Evaluation of SAD must include its diagnostic criteria as classified in the Diagnostic and Statistical Manual of Mental Disorders Fifth Edition (DSM-5). Criteria include pronounced fear or anxiety around 1 or multiple social situations where a person is possibly exposed to the possible scrutiny of others. The person fears they may act in a way that may be evaluated negatively. The social situation, for the most part, provokes anxiety or fear. The situations are either endured with anxiety or fear or avoided entirely. This fear or anxiety is disproportionate to the threat posed by the situation. The avoidance, fear, or anxiety typically lasts for at least 6 months and causes significant impairment or distress in an important area of functioning. The fear must not be attributable to the effects of a substance or medical condition or the symptoms of a different mental disorder. Additionally, the anxiety, avoidance, or fear is excessive or unrelated if a separate medical condition is present. There is a performance-only specifier if fear is restricted exclusively to performing or speaking in public.

A core feature of SAD is the fear of negative evaluation. Instruments that assess for SAD include but are not limited to the Social Phobia Inventory (SPIN), Mini-SPIN, Liebowitz Social Anxiety Scale (LSAS), Liebowitz Self-Rated Disability Scale, Disability Profile, Brief Social Phobia Scale (BSPS), and Social Phobia Safety Behaviors Scale and Self Statements During Public Speaking Scale.[13] There is evidence that the items on SPIN capture multiple symptoms of SAD, including fear of negative evaluation, distress as a result of physical symptoms of anxiety, and the fear of uncertainty when in social situations.[14] Patients with SAD may speak quietly or offer cursory answers to questions. In addition, eye contact is often less than normal. Often, individuals with SAD reveal their symptoms with direct questioning.[15]

Treatment / Management

There is a large amount of evidence supporting the efficacy of medications and cognitive behavioral therapy (CBT) in SAD.[15] According to meta-analysis, SAD responds well to treatment with individual CBT and selective serotonin reuptake inhibitors (SSRI). Additionally, serotonin-norepinephrine reuptake inhibitors (SNRIs) have a greater effect on outcomes than placebo. The SSRIs sertraline and paroxetine, as well as the SNRI venlafaxine, have been approved by the FDA. Comparing different psychotherapies, SAD responded better to CBT than psychodynamic therapy and other psychological therapies. The beta-blocker propranolol, as well as benzodiazepines, are also used in the treatment of SAD. Propranolol has the advantage of being used on an as-needed basis without the risk of developing dependence and tolerance, as exists with benzodiazepines. There is no evidence that combining pharmacological and psychological interventions is more efficacious than monotherapy.[16] A comparison of pharmacotherapy and psychotherapy trials suggests medication has faster effects, but CBT has longer-lasting effects.[15]

Differential Diagnosis

SAD must be differentiated from other disorders, including neurodevelopment disorders such as autism spectrum disorder, panic disorder and agoraphobia, depressive disorders, substance-related and addictive disorders, body dysmorphic disorder, and personality disorders such as schizoid personality disorder and avoidant personality disorder. As indicated in the DSM-5 criteria, to make a diagnosis of SAD, the individual's symptoms must not be better explained by symptoms of another mental disorder. Other diagnoses to rule out include hikikomori, an extreme form of social withdrawal lasting more than 6 months, occurring among 1.2% of adults in Japan, and schizophrenia.[5]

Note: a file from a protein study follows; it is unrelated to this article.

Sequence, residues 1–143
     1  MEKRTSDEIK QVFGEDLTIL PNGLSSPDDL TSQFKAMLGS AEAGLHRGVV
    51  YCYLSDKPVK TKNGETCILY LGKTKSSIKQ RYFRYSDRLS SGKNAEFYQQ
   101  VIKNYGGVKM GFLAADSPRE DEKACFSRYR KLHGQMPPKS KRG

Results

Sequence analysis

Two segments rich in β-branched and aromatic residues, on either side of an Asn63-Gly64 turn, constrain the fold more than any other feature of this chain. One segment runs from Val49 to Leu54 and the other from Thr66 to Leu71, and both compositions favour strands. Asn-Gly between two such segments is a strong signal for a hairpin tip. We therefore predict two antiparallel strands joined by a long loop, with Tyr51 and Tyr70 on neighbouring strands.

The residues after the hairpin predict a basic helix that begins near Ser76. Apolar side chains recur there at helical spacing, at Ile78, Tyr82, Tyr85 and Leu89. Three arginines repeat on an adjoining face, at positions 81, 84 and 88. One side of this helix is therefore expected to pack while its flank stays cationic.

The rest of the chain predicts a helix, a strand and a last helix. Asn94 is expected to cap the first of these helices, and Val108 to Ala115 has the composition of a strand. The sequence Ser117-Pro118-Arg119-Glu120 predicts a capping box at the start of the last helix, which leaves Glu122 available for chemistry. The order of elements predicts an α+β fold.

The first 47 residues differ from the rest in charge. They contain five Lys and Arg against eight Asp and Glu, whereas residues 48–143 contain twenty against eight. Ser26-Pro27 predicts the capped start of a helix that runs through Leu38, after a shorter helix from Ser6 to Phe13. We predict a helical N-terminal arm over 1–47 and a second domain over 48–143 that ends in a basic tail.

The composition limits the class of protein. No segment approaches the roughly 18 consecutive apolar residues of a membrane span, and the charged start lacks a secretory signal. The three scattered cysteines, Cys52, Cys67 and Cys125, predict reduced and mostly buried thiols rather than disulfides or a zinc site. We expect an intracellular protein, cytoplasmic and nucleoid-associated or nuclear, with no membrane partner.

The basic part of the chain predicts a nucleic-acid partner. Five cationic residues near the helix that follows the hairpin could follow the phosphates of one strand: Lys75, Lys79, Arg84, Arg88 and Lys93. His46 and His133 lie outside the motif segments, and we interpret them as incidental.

Left untreated, SAD is recognized as a debilitating and highly prevalent disorder that may result in lower educational attainment, worse occupational performance, hampered social interaction, lower-quality relationships, and decreased quality of life. SAD is associated with suicidal ideation, low self-esteem, lower socioeconomic status, unemployment, financial issues, and being unmarried. Many individuals with SAD are not aware of their mental health problems and, therefore, do not seek treatment.[17][18]


Comorbid psychiatric disorders occur in up to 90% of patients with SAD. SAD's presence is a predictor for the development of major depression and alcohol use disorder. Patients who have comorbid psychiatric disorders have an increased likelihood of greater severity of symptoms, treatment resistance, decreased functioning, and increased rates of suicide.[6] 

Deterrence and Patient Education

Many patients with SAD do not realize they have a treatable illness and, therefore, do not seek treatment. Patient education, including public education, is essential to treating and preventing this disorder.[7]

Enhancing Healthcare Team Outcomes

As discussed, educating patients and the public is vital to managing and preventing SAD. Recognition of SAD is poor and requires more effort from healthcare professionals to recognize it, as individuals with the disorder are unlikely to self-report it due to their symptoms. SAD is the third most common mental illness, affecting a significant proportion of the general population in their lifetimes. An important role of a primary care physician is to recognize the illness and either treat the disorder themselves or refer to a mental health specialist who has experience with the condition.[19] Evidence shows that SAD is highly treatable with either cognitive behavioral therapy (CBT) or pharmacotherapy in the form of SSRIs and SNRIs or beta-blockers.[16]



Prasanna Tadi


10/25/2022 8:24:54 PM